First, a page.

Kerala floods were devastating. The whole nation stood by Kerala in their hour of need. The administration rose up to the occasion and with perfect coordination successfully conducted the relief and rescue operations. It goes without saying this was possible due to well-planned coordinated operation by the state and the central government with total involvement of the local government as well. When the whole concentration should have been on how best to help the administration in this mammoth task there were some who were busy raising avoidable issues and controversies .
Some talk of North- South angle in the flood relief assistance and others about the insensitivity of the central government . But the most uncharitable comment came from the finance minister of Kerala government Isaac Thomas who tweeted: “We asked Union Gov for financial support of 2200 Cr ; they grant us a precious 600 Cr . We make no request to any foreign gov but UAE gov voluntarily offer 700cr. No, says Union gov, it is below our dignity to accept foreign aid. This is a dog in the manger policy.”
When relief and rescue operations are in full swing if there is any lack of support from central government in any of those activities one can understand an important public functionary like the minister in the state government voicing his concern. This was a complaint about the inadequacy of the financial support from Government of India and the refusal to accept the foreign support , not about the inadequacies in the logistic and other support from government of India Departments, the Army and the NDRF. Let us first understand how the system works in relief and rescue operations in any major natural calamity in this country to get a better appreciation of the relevance of comments by some not connected with the relief operations and the specific remark of the finance minister of Kerala.
Disaster management is not listed separately in the central, state or the concurrent list in the Constitution. Disaster Management Act as well as the management plan make it clear the fundamental responsibility for handling any disaster lies with the state government and that the necessary support and assistance will be provided by Government of India. The same is also reiterated by the Finance Commission which provides overall funding for disaster management. The act provides for the Constitution of National Disaster Management Authority at the central level with Prime Minister as the chairman and the state disaster management authority at the state level with the chief minister as the chairman and the District disaster Management authority with collector as the chairman.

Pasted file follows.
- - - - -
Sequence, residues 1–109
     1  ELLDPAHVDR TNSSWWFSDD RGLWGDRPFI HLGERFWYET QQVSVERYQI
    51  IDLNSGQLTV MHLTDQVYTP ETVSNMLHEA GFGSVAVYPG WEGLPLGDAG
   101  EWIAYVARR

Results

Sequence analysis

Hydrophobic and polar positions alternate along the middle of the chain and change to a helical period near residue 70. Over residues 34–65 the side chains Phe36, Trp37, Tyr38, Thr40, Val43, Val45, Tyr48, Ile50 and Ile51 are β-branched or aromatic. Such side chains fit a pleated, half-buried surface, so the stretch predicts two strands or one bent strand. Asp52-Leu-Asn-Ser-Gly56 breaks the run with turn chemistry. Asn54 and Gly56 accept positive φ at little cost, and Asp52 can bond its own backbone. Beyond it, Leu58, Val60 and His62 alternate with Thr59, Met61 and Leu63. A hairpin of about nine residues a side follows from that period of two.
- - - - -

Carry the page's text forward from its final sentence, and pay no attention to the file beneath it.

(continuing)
More importantly three committees are constituted one with the Cabinet Secretary heading at the central level, Chief Secretary at the state level and District Collector at the district level. These committees play crucial role in coordinating relief and rehabilitation activities in any natural calamity and meet through video conferencing facility on a daily basis and take stock of the situation and plan the relief and rescue activities. All work with full coordination and are focused to handle the disaster.
I can vouch from my own personal experience of having dealt with Hudhud cyclone rescue and relief operations as chief secretary of Andhra Pradesh that this coordination played a very effective role in tackling the disaster and I am sure experience of present chief secretary of Kerala would be no different. There were times when I had occasion to disturb the home secretary and defence secretary at odd hours and the response was swift and focused on problem-solving. It is this collective effort today that gives India an effective system in tackling any natural calamity far better than many other countries. National Disaster Response Force is a professional force and an asset in conducting rescue operations.